The Giants of Science

From Chang Yang's Blog

If I have seen further it is by standing on the shoulders of giants.
I have long been appealed by Newton's flair of creating quotable quotes despite his actual reputation of being vengeful and arrogant. In his letter to his arch rival Robert Hooke, he penned down the above mentioned sentence. Newton presumably intended it as a sarcastic remark to tease Robert Hooke's relatively short stature, but it has been so cleverly disguised as a note of humility. This sentence, without the actual historical context, is such a perfect example of humiliation in which a scientist acknowledges his success as being built on previous works.

Today, I am reminded of this post because of a science article I read in Slashdot. Well, the article in itself is nothing so particular, but I was particularly attracted by the footnote at the bottom of the web page. It's a revision of Newton's quote, as follows.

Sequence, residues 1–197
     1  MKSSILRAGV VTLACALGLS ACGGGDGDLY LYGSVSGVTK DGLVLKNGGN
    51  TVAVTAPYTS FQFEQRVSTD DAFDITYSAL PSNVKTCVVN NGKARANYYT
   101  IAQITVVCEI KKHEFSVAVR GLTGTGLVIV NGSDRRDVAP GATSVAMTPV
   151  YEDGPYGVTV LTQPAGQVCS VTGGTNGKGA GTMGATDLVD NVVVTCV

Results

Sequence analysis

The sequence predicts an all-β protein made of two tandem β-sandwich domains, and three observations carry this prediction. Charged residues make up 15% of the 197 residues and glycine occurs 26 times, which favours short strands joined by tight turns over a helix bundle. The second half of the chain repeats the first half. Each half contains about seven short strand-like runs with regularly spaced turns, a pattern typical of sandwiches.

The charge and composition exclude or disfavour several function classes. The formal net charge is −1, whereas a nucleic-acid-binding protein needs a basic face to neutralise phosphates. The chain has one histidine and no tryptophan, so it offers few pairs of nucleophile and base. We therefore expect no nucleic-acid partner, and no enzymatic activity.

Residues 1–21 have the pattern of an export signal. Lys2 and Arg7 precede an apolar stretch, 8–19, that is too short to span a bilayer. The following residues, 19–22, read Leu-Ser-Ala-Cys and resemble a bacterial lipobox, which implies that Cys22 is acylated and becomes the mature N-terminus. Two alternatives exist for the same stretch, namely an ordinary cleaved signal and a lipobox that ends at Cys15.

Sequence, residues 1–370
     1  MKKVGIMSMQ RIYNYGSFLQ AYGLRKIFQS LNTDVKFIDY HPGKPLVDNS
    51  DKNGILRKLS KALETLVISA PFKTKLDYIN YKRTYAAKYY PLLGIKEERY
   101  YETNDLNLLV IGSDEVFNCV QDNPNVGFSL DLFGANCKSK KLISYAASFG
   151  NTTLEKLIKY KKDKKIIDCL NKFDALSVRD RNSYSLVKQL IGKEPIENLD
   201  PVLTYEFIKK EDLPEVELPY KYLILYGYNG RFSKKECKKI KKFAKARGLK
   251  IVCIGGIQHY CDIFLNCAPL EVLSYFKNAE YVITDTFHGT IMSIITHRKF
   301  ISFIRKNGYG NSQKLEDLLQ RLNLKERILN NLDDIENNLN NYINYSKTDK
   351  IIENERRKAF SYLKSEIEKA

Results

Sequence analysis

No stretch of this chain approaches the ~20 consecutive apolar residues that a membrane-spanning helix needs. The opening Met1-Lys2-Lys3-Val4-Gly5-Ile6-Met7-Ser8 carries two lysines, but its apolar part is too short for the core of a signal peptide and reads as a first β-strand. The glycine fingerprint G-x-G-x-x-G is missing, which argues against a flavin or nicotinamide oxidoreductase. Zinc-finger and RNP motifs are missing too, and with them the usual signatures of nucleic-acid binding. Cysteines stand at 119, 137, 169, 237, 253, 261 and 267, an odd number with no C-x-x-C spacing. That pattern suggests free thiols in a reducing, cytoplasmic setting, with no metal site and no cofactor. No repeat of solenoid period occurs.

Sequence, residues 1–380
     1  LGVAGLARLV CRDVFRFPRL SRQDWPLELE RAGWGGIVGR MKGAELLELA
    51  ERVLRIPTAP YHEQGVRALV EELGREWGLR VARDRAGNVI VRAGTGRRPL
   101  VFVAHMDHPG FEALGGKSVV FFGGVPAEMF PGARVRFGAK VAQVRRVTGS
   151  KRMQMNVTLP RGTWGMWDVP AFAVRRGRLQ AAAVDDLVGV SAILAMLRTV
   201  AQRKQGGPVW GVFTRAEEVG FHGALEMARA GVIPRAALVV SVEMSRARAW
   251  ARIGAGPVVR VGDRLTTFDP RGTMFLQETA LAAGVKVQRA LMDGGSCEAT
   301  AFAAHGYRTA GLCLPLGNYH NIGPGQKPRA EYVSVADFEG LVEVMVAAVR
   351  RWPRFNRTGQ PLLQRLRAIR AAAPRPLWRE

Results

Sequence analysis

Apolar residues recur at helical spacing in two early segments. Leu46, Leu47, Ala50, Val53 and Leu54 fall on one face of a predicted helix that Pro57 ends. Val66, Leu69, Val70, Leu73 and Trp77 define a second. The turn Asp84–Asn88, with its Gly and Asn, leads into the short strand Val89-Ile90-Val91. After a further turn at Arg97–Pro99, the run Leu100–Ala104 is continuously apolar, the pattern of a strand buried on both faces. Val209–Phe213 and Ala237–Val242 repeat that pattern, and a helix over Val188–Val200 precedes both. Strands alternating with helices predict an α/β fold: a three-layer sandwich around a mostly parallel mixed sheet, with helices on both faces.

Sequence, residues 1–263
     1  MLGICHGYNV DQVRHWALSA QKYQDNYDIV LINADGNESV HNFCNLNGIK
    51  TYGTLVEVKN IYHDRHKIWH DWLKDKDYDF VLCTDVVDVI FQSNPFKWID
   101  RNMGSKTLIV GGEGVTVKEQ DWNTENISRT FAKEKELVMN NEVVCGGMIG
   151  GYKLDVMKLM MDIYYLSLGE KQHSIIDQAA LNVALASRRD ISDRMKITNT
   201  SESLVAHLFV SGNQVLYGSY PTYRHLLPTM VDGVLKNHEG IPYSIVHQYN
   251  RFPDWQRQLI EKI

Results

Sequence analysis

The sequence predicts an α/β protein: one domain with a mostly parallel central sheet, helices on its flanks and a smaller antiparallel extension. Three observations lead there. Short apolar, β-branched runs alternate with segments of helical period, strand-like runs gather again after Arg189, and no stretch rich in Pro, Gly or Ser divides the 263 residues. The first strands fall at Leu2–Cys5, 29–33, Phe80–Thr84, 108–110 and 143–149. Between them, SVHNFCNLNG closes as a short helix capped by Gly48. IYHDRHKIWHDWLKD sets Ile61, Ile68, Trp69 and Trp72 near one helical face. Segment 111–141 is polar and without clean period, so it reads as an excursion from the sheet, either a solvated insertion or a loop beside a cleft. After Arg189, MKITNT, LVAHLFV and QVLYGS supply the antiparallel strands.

If I have not seen so far it is because I stood in giant's footsteps.
I have to give a loud applause for the person who came up with this line. Fantastic indeed! The spirit of science, contrary to popular belief, is not to believe in what is taught by the teacher totally. Rather, it's the spirit of skepticism, inquisition and asking question, that have made us where we are today. If not because of Galileo's skepticism of Aristotelian teaching (e.g. heavy object falls faster than light objects), he wouldn't have discovered that free fall speed is the same regardless of its mass.

Well, enough for science today. I just can't help but to show my admiration of that quote. :D

Chang Yang

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